However, I promised you other things, and I intend to deliver.
First, I have taken up calligraphy. I am left-handed, so this is a particular challenge, and since most of my letters go unanswered I needed a way to practice. So I have started retweeting people by hand-lettering their tweets. Here is possibly the one that’s gotten the most laughs where I can hear someone responding to it. So if you’re not already reading my twitter and that seems funny, well, you should go read my twitter now.
I am also prepping to do something similar on tumblr, responding to the text written out in such a way. If you didn’t know I had a tumblr, it’s over here.
Now, the fairy tale part of my subject line. I am reading Angela Carter’s The Bloody Chamber. I was considering using one of her stories in class next semester (I am teaching a postmodernism class). I am no longer considering it, because I read “The Bloody Chamber” and I am damn well using it now. If you’d like you can read the story here. You should.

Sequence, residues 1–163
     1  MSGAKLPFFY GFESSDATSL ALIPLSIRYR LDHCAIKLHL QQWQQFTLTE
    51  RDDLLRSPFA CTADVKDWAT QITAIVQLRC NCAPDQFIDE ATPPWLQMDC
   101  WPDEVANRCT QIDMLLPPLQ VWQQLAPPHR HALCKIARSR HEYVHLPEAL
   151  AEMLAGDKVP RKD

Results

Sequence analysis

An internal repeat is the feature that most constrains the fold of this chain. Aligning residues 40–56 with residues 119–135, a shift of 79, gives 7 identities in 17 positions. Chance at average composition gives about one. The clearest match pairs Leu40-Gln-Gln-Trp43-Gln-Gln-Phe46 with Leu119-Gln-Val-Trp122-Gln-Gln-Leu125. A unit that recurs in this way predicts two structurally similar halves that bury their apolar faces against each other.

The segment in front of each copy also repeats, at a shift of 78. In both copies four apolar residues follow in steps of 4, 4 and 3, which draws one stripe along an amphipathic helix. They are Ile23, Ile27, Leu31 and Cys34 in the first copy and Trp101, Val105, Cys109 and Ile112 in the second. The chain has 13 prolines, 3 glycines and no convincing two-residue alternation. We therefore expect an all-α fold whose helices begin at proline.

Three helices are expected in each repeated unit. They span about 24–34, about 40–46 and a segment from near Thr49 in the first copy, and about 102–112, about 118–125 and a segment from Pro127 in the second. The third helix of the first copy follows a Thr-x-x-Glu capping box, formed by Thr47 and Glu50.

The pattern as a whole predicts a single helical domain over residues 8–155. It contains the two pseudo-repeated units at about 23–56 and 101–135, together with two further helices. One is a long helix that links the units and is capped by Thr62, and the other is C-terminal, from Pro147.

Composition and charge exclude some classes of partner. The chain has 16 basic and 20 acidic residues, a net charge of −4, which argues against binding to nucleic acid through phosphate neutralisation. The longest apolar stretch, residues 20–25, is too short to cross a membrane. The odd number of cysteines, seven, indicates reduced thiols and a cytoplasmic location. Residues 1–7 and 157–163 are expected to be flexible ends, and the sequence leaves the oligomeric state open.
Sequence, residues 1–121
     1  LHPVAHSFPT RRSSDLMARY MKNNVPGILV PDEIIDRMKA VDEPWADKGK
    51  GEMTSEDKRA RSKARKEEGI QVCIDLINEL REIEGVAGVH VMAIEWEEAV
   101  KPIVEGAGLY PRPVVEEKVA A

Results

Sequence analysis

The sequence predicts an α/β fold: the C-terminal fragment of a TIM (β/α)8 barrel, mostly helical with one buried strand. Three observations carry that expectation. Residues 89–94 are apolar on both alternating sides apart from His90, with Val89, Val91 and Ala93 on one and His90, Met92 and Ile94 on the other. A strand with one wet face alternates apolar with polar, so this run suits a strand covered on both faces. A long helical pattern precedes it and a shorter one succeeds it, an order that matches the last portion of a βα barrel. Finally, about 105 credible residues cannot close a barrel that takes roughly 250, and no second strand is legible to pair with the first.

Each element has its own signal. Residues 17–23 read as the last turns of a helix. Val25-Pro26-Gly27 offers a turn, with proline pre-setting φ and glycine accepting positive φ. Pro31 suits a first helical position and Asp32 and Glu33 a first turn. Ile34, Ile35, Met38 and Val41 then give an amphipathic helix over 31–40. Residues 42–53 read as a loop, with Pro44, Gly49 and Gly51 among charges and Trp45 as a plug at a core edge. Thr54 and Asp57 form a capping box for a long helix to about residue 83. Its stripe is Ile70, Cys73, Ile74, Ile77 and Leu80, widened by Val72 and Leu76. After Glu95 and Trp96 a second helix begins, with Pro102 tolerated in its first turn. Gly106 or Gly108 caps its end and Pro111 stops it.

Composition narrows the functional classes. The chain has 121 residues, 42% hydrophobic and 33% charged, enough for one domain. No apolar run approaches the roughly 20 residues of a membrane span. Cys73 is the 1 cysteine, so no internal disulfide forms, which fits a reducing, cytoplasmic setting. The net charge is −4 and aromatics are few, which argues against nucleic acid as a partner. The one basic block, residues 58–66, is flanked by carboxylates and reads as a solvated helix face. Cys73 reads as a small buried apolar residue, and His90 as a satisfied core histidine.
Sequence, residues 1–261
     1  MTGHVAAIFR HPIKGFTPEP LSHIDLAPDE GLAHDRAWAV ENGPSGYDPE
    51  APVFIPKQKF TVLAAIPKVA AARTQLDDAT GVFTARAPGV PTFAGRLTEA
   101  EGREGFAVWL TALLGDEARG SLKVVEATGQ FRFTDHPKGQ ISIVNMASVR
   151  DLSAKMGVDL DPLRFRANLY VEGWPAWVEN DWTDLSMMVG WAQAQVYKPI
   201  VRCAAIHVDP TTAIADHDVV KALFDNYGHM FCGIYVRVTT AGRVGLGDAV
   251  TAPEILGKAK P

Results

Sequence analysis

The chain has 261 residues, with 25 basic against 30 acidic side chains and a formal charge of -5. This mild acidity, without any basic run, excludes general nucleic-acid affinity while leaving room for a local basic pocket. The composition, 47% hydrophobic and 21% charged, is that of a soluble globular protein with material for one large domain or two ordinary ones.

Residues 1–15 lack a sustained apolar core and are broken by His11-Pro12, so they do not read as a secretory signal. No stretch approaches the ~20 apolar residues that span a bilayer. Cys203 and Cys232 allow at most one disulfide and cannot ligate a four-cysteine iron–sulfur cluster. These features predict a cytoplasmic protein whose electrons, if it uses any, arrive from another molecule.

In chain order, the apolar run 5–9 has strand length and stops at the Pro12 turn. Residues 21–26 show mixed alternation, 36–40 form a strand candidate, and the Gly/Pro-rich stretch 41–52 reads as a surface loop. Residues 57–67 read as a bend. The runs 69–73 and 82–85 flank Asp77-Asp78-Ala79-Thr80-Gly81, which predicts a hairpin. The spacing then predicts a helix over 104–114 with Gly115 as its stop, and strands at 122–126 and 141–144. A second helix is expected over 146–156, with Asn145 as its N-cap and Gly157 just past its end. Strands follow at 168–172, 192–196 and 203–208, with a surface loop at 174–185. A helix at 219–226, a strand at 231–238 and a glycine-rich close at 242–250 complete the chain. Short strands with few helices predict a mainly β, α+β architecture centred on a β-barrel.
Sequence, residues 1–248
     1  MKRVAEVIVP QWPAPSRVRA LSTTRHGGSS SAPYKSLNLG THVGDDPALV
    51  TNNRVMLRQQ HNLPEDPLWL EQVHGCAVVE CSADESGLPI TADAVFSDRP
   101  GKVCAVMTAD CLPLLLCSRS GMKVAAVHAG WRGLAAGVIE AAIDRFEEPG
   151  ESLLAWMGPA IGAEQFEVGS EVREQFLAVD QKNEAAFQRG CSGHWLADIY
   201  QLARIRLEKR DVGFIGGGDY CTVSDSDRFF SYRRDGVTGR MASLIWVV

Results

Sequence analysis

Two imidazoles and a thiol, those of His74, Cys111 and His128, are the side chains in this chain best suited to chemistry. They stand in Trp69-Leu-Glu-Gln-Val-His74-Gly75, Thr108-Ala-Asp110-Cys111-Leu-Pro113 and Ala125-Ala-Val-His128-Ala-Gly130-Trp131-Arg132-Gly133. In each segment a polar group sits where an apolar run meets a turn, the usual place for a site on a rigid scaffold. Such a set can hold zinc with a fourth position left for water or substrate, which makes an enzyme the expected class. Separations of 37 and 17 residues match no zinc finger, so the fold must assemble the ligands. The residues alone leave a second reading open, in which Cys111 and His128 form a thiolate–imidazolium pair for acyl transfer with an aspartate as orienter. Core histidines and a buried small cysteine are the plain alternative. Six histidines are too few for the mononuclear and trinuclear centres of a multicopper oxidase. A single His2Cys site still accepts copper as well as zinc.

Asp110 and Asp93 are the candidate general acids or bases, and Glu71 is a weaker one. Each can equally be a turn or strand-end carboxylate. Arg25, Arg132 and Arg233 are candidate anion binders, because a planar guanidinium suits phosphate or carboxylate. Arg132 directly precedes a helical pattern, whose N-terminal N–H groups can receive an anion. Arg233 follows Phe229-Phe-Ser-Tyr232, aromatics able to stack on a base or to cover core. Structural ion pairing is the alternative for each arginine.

The collection is basically crazy retellings of fairy tales. They are usually read as feminist texts, which is fair, but you could do a lot of other things with them as well. “The Bloody Chamber” is a version of Bluebeard, which I actually didn’t realize until an hour or so after I was finished and thinking about it some more, since that’s not one of the stories I’m most familiar with from the traditional fairy tale “canon.” The story of Bluebeard is basically that a nobleman marries a new woman frequently and then suspiciously needs to find a new new woman. Spoiler: he’s killing them. The Carter story focuses on the strange sexuality implicit in a relationship that is guaranteed to end in violence, where everything the lord does to his poor music prodigy fiancee (and then wife) is leading up to making her “step out of bounds” so he can “punish” her.